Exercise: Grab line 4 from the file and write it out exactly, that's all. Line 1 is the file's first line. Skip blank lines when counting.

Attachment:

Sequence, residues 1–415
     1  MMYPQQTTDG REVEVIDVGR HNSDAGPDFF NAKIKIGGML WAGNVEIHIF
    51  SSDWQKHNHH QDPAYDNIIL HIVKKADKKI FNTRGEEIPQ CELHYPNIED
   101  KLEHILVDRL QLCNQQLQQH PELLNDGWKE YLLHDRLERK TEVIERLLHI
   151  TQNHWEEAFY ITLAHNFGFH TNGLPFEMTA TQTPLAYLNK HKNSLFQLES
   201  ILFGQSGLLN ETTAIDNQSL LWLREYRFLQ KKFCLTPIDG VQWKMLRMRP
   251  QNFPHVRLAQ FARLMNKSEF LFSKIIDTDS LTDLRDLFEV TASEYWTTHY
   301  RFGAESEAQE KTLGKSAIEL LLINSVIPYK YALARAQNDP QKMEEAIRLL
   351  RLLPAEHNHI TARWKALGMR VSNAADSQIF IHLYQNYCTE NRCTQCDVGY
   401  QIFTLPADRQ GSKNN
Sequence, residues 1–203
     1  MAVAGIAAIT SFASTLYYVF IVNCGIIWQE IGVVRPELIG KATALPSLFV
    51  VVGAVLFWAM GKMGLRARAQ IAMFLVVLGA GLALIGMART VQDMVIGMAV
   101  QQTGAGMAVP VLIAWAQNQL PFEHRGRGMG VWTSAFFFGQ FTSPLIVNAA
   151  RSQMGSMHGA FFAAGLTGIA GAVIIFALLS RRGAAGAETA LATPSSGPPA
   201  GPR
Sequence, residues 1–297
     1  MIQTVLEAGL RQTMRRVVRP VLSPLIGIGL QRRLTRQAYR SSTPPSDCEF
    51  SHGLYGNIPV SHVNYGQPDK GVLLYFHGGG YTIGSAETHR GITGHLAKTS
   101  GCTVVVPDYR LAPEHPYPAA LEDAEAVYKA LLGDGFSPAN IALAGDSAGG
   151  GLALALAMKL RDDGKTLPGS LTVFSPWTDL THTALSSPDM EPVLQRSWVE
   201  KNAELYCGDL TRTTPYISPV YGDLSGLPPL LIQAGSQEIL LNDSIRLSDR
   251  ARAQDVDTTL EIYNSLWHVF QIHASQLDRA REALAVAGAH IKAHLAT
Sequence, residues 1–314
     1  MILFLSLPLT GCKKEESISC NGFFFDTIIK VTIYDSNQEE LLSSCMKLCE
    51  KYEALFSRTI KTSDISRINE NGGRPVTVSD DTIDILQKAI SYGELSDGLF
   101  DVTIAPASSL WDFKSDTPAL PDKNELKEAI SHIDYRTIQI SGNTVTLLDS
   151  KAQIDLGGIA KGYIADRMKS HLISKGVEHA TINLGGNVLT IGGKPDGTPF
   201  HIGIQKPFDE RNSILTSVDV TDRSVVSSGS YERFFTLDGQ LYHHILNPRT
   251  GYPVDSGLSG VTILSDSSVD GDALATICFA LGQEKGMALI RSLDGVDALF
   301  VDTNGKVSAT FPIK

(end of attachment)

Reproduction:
   101  KLEHILVDRL QLCNQQLQQH PELLNDGWKE YLLHDRLERK TEVIERLLHI